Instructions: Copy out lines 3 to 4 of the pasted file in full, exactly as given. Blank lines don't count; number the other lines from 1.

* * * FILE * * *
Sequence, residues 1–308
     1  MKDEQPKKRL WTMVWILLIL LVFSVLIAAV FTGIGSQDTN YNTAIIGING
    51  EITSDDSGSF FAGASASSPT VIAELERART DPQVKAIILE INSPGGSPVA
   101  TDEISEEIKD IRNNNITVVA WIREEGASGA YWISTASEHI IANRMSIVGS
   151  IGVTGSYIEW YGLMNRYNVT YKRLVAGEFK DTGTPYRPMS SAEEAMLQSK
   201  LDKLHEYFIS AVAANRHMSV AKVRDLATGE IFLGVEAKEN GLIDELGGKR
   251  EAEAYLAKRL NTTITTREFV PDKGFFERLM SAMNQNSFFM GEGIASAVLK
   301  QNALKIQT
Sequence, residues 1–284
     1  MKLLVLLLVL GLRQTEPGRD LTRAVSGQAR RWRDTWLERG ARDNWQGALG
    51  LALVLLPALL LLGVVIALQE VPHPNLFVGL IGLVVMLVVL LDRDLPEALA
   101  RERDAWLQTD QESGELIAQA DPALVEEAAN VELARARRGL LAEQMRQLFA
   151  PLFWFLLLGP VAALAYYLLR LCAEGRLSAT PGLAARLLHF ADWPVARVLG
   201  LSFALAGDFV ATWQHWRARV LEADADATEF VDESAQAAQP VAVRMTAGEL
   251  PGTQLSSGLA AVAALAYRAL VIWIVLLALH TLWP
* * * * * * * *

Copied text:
    51  EITSDDSGSF FAGASASSPT VIAELERART DPQVKAIILE INSPGGSPVA
   101  TDEISEEIKD IRNNNITVVA WIREEGASGA YWISTASEHI IANRMSIVGS